Although all zones on the system share a common kernel, an additional feature set has been added called branded zones (BrandZ for short). This allows individual zones to behave in a manner other than the default brand of the global zone. The existing brands (October 2009) can be grouped into two categories:
- brands which do not perform system call translation:
- brands which perform system call translation:
- 'solaris8' provides a Solaris 8 environment on a Solaris 10 system, including translation from Solaris 8 system calls to Solaris 10 system calls (available only on SPARC systems)
- 'solaris9' provides a Solaris 9 environment on a Solaris 10 system, including translation from Solaris 9 system calls to Solaris 10 system calls (available only on SPARC systems)
- 'lx' provides a Red Hat Enterprise Linux 3 environment on a Solaris 10 system, including translation from RHEL 3 system calls to Solaris 10 system calls (available only on x86 systems)
- 's10brand' provides a Solaris 10 environment on an OpenSolaris or Oracle Solaris 11 system, including translation from Solaris 10 system calls to OpenSolaris/Oracle Solaris 11 system calls
The brand for a zone is set at the time the zone is created. The second category is implemented with interposition points within the OS kernel that can be used to change the behavior of syscalls, process loading, thread creation, and other elements.
For the 'lx' brand, libraries from Red Hat 3 or an equivalent distribution such as CentOS are required to complete the emulated environment.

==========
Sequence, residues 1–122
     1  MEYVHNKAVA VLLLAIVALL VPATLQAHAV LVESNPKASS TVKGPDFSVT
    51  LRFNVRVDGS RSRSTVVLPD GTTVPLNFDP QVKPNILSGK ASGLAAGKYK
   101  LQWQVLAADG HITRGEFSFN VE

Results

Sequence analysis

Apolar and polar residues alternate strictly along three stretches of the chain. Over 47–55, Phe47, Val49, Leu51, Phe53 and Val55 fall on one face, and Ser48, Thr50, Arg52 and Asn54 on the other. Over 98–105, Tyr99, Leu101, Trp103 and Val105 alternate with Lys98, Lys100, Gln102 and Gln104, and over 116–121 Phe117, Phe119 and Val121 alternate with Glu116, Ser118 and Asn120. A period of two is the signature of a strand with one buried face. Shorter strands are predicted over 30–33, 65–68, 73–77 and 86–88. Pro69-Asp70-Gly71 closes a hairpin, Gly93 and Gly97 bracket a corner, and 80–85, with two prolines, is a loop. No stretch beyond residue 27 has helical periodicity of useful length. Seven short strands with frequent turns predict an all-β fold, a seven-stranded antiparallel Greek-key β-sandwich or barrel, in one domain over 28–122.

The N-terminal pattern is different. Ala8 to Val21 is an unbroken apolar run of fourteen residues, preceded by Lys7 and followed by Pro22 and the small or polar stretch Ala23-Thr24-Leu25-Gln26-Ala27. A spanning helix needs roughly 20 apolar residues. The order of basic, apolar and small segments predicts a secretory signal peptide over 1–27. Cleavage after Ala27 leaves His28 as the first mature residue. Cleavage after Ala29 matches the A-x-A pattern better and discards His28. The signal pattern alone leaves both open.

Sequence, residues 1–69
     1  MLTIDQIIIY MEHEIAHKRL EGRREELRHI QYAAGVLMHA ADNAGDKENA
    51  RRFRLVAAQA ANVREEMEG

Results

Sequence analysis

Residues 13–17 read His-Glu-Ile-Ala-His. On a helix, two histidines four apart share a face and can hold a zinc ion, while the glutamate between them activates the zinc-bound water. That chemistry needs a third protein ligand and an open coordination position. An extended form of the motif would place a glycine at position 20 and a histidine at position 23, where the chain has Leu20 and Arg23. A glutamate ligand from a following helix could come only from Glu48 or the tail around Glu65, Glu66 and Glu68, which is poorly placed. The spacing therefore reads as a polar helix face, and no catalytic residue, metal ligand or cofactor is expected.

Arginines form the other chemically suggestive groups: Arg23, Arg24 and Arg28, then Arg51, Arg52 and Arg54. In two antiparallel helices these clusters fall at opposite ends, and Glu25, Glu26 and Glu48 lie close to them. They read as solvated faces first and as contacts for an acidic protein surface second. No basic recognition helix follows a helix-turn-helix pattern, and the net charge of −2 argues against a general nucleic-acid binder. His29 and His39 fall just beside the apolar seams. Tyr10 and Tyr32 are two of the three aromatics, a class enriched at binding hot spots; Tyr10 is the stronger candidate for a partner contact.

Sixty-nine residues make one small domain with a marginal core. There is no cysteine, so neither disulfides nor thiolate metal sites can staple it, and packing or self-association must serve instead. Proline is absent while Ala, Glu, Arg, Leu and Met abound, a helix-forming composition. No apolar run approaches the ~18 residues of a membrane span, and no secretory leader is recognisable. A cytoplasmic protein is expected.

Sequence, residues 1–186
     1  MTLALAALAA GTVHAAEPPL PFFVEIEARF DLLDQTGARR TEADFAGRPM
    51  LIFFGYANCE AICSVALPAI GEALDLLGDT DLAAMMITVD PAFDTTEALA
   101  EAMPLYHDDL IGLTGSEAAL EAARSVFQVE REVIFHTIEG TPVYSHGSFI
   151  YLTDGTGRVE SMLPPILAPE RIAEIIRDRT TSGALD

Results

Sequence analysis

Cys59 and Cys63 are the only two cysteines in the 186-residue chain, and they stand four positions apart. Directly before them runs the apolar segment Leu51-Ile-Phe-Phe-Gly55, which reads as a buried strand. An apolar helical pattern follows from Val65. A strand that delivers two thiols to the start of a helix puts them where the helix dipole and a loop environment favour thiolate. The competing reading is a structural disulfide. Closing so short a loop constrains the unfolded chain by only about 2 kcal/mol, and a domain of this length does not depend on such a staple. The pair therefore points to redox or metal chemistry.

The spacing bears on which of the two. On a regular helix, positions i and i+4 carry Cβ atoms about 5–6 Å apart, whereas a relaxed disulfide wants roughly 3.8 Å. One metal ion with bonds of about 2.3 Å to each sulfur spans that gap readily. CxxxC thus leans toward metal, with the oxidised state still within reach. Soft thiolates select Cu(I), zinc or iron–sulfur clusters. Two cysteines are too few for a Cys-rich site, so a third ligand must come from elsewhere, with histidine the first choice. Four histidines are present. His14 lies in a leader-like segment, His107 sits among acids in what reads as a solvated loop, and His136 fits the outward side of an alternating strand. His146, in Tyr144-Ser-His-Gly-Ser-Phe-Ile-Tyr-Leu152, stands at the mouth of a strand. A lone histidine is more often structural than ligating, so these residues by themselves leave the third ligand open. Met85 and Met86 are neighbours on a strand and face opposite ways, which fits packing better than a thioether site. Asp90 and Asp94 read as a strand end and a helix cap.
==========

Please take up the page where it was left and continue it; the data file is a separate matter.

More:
The Solaris operating system provides man pages for Solaris Containers by default; more detailed documentation can be found at various on-line technical resources.
The first published document and hands-on reference for Solaris Zones was written in February 2004 by Dennis Clarke at Blastwave.org, providing the essentials to getting started. This document was greatly expanded upon by Brendan Gregg in July 2005. The Solaris 8 and Solaris 9 Containers were documented in detail by Dennis Clarke at Blastwave(tm) again in April 2008 and this has become a simple How To style guide that can get people started with Solaris Containers in a production setting. The Blastwave Solaris 8 and Solaris 9 Containers document was very early in the release cycle of the Solaris Containers technology and the actions and implementation at Blastwave resulted in a followup by Sun Microsystems marketing. More extensive documentation may be found at the Sun Microsystems documentation site.
- Operating system-level virtualization
- Comparison of platform virtual machines
- Virtual machines
- Documentation for Solaris Zones (Containers)
- Document How to Get Started Creating Oracle Solaris Zones in Oracle Solaris 11
- Blogs devoted to Oracle Solaris Zones
- Moving Solaris 10 Zones
- Key patent: US 7437556, "Global visibility controls for operating system partitions", published 2005-01-27 , and also as EP 1475703